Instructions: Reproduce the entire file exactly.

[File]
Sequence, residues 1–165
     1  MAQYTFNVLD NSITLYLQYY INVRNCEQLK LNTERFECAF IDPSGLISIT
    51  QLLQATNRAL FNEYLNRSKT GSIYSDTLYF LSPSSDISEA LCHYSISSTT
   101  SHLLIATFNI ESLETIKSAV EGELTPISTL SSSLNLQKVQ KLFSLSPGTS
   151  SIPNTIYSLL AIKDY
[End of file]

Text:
Sequence, residues 1–165
     1  MAQYTFNVLD NSITLYLQYY INVRNCEQLK LNTERFECAF IDPSGLISIT
    51  QLLQATNRAL FNEYLNRSKT GSIYSDTLYF LSPSSDISEA LCHYSISSTT
   101  SHLLIATFNI ESLETIKSAV EGELTPISTL SSSLNLQKVQ KLFSLSPGTS
   151  SIPNTIYSLL AIKDY